Massport’s cargo operations gain speed
In an exclusive interview with LM, port officials said it has exceeded their expectations
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Since the Massachusetts Port Authority (Massport) first announced a new weekly cargo service connecting Boston with Halifax, Nova Scotia last June, shippers have been keen on learning more about the “New England-Halifax Shuttle.”
In an exclusive interview with LM, port officials said it has exceeded their expectations.
“Working with a cross-border mega-port like Halifax has been very interesting,” said Mike Leone, Massport’s Executive Port director. “We compliment one another in a number of ways, and we are both attracting new business.”
According to Leone, a regional marketing strategy may also be put into place before too long, as well.
“It’s something ports in the Puget Sound and San Francisco Bay Area have been trying,” he said. “It certainly will be top of mind when the American Association of Port Authorities meets for their annual conference next month.”
While still regarded as a “niche” ocean cargo gateway, the Port of Boston is a vital economic engine for New England, and container activity at Conley Terminal is likely to grow as an increasing number of larger ships head toward East Coast ports through the Suez Canal and from the Panama Canal once its expansion is complete.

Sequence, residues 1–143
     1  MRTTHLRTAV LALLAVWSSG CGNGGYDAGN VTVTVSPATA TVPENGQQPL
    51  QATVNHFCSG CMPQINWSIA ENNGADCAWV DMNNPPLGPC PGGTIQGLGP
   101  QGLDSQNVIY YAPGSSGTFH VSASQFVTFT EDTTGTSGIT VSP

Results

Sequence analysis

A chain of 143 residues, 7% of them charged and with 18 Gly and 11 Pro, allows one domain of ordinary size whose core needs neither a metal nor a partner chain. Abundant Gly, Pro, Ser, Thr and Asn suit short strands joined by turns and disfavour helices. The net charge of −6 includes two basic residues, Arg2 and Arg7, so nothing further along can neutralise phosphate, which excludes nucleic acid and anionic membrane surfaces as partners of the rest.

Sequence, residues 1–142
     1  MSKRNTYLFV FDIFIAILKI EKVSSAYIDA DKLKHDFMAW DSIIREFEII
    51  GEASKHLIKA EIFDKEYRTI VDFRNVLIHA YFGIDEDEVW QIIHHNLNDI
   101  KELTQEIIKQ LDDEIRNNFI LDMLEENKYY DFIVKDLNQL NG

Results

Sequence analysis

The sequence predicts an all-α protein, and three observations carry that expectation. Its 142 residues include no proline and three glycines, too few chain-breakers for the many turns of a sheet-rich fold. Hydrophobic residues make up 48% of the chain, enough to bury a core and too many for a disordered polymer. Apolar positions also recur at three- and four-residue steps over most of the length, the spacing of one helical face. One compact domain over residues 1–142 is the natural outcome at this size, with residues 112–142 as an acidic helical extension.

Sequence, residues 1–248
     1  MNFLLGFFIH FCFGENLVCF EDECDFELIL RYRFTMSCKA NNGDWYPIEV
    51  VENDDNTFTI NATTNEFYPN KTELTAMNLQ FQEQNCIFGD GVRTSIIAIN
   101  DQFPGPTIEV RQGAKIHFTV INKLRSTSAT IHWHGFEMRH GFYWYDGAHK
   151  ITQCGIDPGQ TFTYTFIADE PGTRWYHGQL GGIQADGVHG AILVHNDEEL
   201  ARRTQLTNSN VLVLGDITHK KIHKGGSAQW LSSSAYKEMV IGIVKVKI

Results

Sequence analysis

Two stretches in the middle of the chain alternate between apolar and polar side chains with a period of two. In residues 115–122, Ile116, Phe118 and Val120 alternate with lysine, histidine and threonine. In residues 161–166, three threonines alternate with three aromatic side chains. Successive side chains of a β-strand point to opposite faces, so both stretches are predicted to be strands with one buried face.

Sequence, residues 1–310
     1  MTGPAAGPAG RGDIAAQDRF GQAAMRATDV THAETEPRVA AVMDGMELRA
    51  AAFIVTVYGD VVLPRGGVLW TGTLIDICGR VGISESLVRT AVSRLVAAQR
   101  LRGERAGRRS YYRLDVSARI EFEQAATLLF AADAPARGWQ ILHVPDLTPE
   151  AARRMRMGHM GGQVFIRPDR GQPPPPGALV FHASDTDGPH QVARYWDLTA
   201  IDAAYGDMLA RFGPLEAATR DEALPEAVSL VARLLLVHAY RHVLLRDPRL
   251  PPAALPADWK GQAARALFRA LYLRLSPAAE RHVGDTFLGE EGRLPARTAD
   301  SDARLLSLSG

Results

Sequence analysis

To keep pace with this future demand Massport is investing millions in the container terminal. Over the last several years more than $70 million was spent to upgrade and expand the yard configuration. New machinery was added, and Massport purchased an adjacent 30-acre parcel of land for future container operations. Recently, an enhanced computerized terminal operating system was implemented, and plans are also underway for a dedicated truck route and terminal buffer.
“The New England-Halifax Shuttle is great news for Boston and provides New England shippers with a vital connection to Eastern Canada’s main cargo transfer hub,” said Leone. “The new service also demonstrates that the $70 million Massport has invested in terminal infrastructure over the last few years has dramatically improved our efficiency and competiveness.”
About the AuthorPatrick Burnson, Executive Editor Patrick Burnson is executive editor for Logistics Management and Supply Chain Management Review magazines and web sites. Patrick is a widely-published writer and editor who has spent most of his career covering international trade, global logistics, and supply chain management. He lives and works in San Francisco, providing readers with a Pacific Rim perspective on industry trends and forecasts. You can reach him directly at firstname.lastname@example.org.
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